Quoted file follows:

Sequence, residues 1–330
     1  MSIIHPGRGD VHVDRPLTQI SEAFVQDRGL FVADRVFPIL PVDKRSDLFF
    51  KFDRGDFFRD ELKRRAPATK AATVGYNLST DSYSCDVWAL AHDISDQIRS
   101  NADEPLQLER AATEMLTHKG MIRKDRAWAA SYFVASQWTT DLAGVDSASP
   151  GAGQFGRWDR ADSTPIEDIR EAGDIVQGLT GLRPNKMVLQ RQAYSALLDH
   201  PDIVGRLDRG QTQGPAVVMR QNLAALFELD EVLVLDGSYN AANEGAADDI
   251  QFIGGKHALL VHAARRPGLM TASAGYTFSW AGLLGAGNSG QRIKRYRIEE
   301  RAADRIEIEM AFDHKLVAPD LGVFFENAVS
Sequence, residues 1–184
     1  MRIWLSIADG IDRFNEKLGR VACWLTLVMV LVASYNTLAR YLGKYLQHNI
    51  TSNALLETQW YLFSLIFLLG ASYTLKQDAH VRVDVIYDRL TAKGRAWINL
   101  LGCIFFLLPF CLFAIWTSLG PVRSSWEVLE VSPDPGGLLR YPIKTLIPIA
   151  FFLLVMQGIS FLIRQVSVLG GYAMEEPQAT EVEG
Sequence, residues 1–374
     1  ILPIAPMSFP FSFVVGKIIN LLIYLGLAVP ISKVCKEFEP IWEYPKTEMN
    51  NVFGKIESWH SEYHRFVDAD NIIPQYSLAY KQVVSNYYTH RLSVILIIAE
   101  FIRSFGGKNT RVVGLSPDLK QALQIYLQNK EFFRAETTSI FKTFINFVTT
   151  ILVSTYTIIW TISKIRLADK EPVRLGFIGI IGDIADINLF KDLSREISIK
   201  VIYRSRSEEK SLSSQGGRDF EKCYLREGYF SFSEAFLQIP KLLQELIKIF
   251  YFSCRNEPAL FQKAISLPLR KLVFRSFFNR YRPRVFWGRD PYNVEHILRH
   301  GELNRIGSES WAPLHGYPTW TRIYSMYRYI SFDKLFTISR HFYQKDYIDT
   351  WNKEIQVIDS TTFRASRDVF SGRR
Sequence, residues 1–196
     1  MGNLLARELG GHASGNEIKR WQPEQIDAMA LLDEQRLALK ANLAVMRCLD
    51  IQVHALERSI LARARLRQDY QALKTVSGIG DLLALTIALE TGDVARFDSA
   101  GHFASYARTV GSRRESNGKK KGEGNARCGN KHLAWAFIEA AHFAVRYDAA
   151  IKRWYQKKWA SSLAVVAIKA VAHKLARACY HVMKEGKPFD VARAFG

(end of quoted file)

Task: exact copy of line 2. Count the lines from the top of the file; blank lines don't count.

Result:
     1  MSIIHPGRGD VHVDRPLTQI SEAFVQDRGL FVADRVFPIL PVDKRSDLFF